Natural Rights have five characteristics, four of which are listed in the Declaration of Independence.

1. We are entitled to our natural rights.
2. Our rights are self-evident.
3. We were endowed with our rights by our Creator (rights are God-given).
4. Our rights are unalienable.
5. The rights of one person extends only to the limits of the rights of another.

Notice that nowhere in any of that is it stated that government's role is to guarantee our rights, or force the members of the population to follow the government's definitions of our rights.  In fact, if you read the Bill of Rights, you will notice that the Founding Fathers believed that the federal government was the greatest threat against our natural rights, and therefore told the government "hands off," "do not touch."

The beginning of the 1st Amendment reads, "Congress shall make no law."  The 2nd Amendment concludes with "shall not be infringed."  The 3rd Amendment begins "No soldier shall."  In the middle of the 4th Amendment it states, "shall not be violated."  That's not language ordering the federal government to guarantee our rights, it is language telling the federal government that our rights are out of bounds when it comes to their authorities.

Legal scholars and most Americans believe that all changed with the 14th Amendment.  The "Equal Protection Clause" and the "Due Process Clause" were designed to protect the rights of the newly emancipated former slaves.  The previously pro-slave States of the defunct Confederacy were passing laws that discriminated against non-whites.  The clauses of the 14th Amendment were designed to disallow the State governments from passing such racist laws.  The 14th Amendment specifically states, "No State shall make or enforce any law which shall abridge the privileges or immunities of citizens of the United States; nor shall any State deprive any person of life, liberty, or property, without due process of law; nor deny to any person within its jurisdiction the equal protection of the laws."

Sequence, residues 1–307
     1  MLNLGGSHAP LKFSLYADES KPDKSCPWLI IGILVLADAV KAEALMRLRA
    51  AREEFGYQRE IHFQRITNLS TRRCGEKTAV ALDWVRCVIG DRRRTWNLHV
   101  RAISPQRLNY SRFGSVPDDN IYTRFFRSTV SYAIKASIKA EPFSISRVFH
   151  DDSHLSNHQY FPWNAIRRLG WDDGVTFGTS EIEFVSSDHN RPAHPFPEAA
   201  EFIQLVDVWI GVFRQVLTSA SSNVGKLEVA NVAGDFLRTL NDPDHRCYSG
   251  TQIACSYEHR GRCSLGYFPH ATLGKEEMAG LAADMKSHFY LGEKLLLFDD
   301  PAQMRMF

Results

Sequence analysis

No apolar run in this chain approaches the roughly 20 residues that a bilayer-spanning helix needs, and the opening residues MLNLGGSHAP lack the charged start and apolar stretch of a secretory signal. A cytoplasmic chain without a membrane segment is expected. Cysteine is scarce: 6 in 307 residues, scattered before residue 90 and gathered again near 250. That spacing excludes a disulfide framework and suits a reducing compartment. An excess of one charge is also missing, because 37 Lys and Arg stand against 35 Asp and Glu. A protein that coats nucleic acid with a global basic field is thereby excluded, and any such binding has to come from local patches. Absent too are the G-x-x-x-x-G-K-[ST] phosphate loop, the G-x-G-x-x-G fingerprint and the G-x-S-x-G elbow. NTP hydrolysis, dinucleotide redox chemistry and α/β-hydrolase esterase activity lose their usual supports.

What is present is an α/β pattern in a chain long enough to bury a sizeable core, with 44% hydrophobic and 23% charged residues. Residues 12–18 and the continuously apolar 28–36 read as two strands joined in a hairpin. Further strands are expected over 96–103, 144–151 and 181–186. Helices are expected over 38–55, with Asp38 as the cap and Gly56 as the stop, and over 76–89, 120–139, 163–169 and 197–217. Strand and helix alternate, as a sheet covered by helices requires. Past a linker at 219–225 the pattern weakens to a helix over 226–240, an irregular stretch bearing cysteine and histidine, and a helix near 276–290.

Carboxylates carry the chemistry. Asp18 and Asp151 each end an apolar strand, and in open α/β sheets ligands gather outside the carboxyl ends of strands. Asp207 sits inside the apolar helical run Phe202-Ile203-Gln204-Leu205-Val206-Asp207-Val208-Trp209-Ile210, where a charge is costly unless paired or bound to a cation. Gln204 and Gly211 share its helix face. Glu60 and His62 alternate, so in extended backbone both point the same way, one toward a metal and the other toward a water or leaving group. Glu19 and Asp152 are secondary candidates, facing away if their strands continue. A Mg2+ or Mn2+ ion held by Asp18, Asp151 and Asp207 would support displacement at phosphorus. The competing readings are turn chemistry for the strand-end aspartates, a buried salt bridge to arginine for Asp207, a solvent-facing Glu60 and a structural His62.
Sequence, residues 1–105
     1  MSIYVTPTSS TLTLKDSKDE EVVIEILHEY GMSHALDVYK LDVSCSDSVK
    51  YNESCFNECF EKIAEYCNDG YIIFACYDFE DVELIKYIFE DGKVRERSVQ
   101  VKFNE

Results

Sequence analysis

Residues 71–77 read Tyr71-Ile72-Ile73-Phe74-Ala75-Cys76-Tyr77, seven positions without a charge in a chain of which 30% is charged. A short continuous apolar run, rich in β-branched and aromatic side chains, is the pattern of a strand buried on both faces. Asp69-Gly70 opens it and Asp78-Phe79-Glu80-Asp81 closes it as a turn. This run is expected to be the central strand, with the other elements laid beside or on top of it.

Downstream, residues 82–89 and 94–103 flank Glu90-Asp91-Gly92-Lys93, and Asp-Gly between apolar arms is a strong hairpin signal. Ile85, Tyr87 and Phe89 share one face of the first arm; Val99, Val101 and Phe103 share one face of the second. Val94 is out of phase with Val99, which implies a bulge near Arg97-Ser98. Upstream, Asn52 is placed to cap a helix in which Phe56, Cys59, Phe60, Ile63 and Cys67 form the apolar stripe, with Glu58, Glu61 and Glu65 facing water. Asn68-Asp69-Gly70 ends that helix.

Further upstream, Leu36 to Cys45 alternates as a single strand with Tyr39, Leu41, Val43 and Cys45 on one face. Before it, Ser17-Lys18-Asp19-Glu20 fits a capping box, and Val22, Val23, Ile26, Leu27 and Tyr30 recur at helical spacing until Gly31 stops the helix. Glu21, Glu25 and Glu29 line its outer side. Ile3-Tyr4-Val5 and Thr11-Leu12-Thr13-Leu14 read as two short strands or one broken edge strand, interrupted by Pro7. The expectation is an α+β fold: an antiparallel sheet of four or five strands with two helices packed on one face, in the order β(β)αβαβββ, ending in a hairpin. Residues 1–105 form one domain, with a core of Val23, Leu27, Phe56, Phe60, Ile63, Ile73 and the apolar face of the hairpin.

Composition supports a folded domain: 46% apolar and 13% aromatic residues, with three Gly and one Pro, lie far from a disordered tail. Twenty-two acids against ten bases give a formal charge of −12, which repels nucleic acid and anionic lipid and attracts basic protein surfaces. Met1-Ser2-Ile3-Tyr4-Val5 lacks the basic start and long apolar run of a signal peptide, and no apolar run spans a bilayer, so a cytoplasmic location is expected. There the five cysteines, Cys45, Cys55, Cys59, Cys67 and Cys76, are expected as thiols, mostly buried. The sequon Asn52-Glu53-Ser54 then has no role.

The 14th Amendment is a part of the argument being used by the homosexuals in their crusade against Christians.  They call refusal to accept and promote homosexuality "discrimination."  They have equated their campaign to normalize homosexuality in our culture with the Civil Rights Movement in the 1960s.

First of all, we must go back to the fifth characteristic of our natural rights.  A right cannot extend into the rights of others.  I have a right to swing my arms, but I do not have a right to swing my arms into the nose of my neighbor.  My right to drive through an intersection stops at the tip of the bumper of the next driver.  I have a right to seek medical care for my ailments, but I do not have a right to force a particular doctor to be the person to administer that care.